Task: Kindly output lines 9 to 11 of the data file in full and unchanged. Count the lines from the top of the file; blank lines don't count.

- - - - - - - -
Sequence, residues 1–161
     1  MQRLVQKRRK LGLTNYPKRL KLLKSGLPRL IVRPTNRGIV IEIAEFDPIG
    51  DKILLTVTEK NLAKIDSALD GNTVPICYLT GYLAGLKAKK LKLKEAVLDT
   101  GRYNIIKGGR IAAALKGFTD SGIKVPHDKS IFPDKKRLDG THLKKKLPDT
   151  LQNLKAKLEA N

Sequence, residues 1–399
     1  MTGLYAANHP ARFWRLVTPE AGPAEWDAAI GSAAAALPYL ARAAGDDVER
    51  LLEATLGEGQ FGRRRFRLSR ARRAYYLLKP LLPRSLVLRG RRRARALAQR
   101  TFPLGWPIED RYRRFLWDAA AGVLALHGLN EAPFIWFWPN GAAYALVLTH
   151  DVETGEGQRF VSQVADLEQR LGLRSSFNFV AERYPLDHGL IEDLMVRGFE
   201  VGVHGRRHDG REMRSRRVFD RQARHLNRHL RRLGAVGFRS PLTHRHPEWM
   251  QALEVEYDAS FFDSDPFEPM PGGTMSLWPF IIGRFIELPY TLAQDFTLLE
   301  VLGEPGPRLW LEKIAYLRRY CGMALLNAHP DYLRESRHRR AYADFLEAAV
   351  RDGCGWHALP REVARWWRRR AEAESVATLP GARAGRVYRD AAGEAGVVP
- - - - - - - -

   101  TFPLGWPIED RYRRFLWDAA AGVLALHGLN EAPFIWFWPN GAAYALVLTH
   151  DVETGEGQRF VSQVADLEQR LGLRSSFNFV AERYPLDHGL IEDLMVRGFE
   201  VGVHGRRHDG REMRSRRVFD RQARHLNRHL RRLGAVGFRS PLTHRHPEWM